Daniel Kaplan of Street and Smith's Sports Business Journal is reporting that the Florida Panthers are in negotiations to merge the team, an arena management company that operates the BankAtlantic Center in Sunrise, FL, and the rights to the real estate surrounding the arena to publicly traded Sports Properties Acquisition Company (SPAC). The value of the deal is estimated at $230MM, but the real payoff to SPAC is a potential mixed use development that is planned for property around the arena. SPAC went public last year, raising $215MM in an Initial Public Offering, and the terms of the offering were that SPAC had to close at least one deal by January 2010 or the funds from the IPO would be returned to the shareholders. Initially, SPAC had planned to leverage the funds from the IPO to do deals in the $1BB range, but the collapse of the credit markets has quashed that possibility. Currently, only the Green Bay Packers have a form of public ownership in the big four sports leagues, although other teams are owned in part by other large public companies.
Although Broward County owns the arena, Sunrise Sports controls the bulk of the facility's revenue. The arena sits on 139 acres, currently used for parking only. The planned mixed use development is proposed by Sunrise Sports and is called The City of Oz, although development has not begun. In addition to hockey, Sunrise Sports books around 200 events a year at the arena.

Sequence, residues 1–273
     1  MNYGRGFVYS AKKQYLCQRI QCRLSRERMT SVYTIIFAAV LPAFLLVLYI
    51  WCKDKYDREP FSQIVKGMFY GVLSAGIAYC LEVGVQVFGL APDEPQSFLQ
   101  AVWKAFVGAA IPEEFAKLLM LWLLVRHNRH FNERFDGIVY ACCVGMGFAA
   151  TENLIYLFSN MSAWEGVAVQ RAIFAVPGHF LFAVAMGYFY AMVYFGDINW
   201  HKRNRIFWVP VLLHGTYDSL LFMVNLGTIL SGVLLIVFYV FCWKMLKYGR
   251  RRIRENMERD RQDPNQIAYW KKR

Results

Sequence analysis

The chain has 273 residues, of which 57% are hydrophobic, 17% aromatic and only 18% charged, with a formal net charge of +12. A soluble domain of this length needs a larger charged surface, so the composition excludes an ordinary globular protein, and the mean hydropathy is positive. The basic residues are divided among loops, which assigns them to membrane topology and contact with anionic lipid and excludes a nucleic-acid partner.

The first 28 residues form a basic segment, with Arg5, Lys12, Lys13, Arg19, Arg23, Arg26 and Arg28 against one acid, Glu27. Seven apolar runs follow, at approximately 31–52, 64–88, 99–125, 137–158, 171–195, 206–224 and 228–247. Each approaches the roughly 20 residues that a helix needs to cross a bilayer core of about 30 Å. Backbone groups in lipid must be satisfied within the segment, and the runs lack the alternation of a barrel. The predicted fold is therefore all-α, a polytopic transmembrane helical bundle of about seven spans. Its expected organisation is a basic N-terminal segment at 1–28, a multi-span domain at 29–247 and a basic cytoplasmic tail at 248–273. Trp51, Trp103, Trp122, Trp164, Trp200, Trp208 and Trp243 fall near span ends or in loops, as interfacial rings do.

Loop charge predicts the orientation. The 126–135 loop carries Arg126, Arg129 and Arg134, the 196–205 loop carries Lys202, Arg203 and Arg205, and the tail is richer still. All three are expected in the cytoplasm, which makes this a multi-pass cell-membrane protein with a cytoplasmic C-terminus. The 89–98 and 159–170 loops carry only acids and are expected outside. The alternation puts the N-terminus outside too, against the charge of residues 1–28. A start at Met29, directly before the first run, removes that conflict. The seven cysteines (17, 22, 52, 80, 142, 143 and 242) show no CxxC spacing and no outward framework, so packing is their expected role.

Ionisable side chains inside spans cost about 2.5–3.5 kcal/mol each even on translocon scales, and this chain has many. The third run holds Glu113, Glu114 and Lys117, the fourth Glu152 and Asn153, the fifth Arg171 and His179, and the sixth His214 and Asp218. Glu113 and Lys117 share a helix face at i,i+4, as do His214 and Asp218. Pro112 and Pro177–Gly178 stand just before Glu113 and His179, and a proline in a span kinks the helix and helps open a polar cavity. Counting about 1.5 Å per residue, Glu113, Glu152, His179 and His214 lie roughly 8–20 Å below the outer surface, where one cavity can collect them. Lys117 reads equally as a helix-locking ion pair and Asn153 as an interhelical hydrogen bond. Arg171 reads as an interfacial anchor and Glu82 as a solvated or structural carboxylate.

The board of SPAC includes Tony Tavares, who moved the Montreal Expos to Washington, D.C. He serves as CEO of SPAC. Board members include Hank Aaron and current Chairman of USA Football Jack Kemp.
There are other ownership arrangements in hockey where outside interests have a majority ownership in a hockey club, most notably Maple Leaf Sports and Entertainment where the Ottawa Teachers Pension Plan owns 58% of MLSE, the operator of the Maple Leafs, the Toronto Raptors, the Toronto Marlies AHL hockey club, and the Air Canada Centre where the Leafs play.
All of this poses an interesting scenario. The question is who calls the shots for the operation of the hockey club should this deal be consummated? As a publicly traded entity, SPAC will look for a certain return on its investment. Ostensibly, this will come from the potential development around the arena, but we all know how the real estate market is performing today, and south Florida is especially weak. If the development doesn't come to fruition, the return on investment comes from arena revenues and the revenue generated by the Panthers hockey club. The Panthers haven't made the playoffs since 2000 and have struggled at the gate, ranking 24th out of 30 teams this past season in attendance. So who makes the call about hockey operations? What about contracts? Will it be the GM, or will it be the board of SPAC? All of this points to an interesting scenario playing out in south Florida.
As the economy continues to wither, I would expect to see other ownership groups struggle and look for options to either shore up operations or sell. Phoenix and Montreal are currently in play; Tom Hicks, the owner of the Stars, has run into dire financial straits. Predator fans should be thankful for stability in our local ownership group.